Chicago man first 2019 Illinois human case of West Nile virus confirmed

CHICAGO (WLS) -- The first human case of West Nile Virus has been confirmed in Illinois for 2019.

A Chicago man in his 70's got sick late last month, according to the Illinois Department of Public Health.

"Although the first human case of West Nile virus this year in Illinois has been reported a little later than we typically see, it is important to remember that there is an ongoing risk of disease from a mosquito bite," said IDPH Director Dr. Ngozi Ezike. "West Nile virus can cause serious illness in some people so it's important that you take precautions like wearing insect repellent and getting rid of stagnant water around your home."

Last year, 74 counties in Illinois reported a West Nile virus positive mosquito batch, bird, horse, and/or human case. For the 2018 season, IDPH reported 176 human cases, including 17 deaths.

The virus is transmitted through mosquitoes. Common symptoms include fever, nausea, headache and muscle aches, according to health officials. Symptoms may last from a few days to a few weeks.

Health officials said four out of five people infected with the virus will not show any symptoms. They also said in rare cases, severe illness including meningitis, or even death, can occur.

People older than 60 and individuals with weakened immune systems are at higher risks for sever illness from West Nile, according to IDPH.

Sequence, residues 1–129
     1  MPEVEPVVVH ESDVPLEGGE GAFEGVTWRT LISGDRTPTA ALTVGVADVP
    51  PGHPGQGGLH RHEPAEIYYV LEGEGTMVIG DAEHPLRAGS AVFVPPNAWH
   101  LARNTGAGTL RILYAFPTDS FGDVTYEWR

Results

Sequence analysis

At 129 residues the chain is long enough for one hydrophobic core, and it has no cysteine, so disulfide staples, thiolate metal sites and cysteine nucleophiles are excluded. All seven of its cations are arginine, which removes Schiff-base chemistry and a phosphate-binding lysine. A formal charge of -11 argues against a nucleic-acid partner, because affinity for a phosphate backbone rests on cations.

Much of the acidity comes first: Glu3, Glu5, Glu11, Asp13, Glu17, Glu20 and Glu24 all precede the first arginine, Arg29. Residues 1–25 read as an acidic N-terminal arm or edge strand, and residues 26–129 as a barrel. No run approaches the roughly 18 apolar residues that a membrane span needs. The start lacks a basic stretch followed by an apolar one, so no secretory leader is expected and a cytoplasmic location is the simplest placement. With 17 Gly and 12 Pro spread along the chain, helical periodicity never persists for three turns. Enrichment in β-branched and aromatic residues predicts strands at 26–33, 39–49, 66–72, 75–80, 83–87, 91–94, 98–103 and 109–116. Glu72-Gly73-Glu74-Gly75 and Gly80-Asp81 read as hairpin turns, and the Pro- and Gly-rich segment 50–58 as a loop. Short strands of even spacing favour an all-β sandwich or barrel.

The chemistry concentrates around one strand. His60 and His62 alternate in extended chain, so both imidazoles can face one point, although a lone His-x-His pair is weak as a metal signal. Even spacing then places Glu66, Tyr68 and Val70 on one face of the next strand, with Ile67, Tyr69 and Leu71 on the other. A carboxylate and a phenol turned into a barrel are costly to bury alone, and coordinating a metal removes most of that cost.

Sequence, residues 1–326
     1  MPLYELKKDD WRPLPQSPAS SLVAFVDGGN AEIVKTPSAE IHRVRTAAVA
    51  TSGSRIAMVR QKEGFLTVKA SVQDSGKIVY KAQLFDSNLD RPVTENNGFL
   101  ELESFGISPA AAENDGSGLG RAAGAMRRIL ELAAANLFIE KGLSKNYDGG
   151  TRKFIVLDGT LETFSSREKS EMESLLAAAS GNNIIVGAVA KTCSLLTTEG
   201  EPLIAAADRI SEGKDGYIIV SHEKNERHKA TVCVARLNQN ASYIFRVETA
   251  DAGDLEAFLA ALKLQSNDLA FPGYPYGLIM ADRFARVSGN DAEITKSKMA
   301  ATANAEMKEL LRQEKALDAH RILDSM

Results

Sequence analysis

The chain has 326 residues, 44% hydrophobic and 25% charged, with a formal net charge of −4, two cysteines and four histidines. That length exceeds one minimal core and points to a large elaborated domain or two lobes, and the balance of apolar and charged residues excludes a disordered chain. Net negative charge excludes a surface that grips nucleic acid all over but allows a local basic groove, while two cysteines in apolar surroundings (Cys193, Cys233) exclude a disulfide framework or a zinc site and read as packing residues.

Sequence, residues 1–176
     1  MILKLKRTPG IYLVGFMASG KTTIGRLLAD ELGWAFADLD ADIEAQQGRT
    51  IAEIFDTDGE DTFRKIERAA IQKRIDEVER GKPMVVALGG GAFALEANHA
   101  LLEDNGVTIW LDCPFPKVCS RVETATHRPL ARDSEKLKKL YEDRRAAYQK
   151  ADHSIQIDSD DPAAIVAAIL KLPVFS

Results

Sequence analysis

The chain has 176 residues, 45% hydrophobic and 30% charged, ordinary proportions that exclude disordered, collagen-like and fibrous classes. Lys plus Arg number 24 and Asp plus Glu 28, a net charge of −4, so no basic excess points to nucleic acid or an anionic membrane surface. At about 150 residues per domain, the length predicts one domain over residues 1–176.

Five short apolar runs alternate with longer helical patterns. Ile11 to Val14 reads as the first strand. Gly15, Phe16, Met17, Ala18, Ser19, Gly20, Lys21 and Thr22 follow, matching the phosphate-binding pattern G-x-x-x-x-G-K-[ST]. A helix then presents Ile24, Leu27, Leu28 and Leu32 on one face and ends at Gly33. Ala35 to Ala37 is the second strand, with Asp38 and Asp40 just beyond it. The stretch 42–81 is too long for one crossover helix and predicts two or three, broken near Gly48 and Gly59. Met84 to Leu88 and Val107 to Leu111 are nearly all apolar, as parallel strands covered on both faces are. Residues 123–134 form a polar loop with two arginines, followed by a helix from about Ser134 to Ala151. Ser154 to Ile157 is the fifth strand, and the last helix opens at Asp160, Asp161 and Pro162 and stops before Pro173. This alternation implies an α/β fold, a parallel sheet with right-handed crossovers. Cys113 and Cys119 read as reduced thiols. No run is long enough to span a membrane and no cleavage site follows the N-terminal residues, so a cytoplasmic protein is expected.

Doctors are reminding everyone to protect themselves.

To "fight the bite," officials said to practice the three "R's" - reduce, repel, and report.

Reduce: make sure doors and windows have tight-fitting screens. Repair or replace screens that have tears or other openings. Try to keep doors and windows shut. Also eliminate, or refresh each week, all sources of standing water where mosquitos can breed, including water in bird baths, ponds, flowerpots, wading pools, old tires, and any other containers.

Repel: when outdoors, wear shoes and socks, long pants and a long-sleeved shirt, and apply insect repellent that contains DEET, picaridin, oil of lemon eucalyptus, or IR 3535 according to label instructions. Consult a physician before using repellents on infants.

Report: report locations where you see water sitting stagnant for more than a week such as roadside ditches, flooded yards, and similar locations that may produce mosquitoes. The local health department or city government may be able to add larvicide to the water, which will kill any mosquito larvae.

For more information on the West Nile virus, visit IDPH website.
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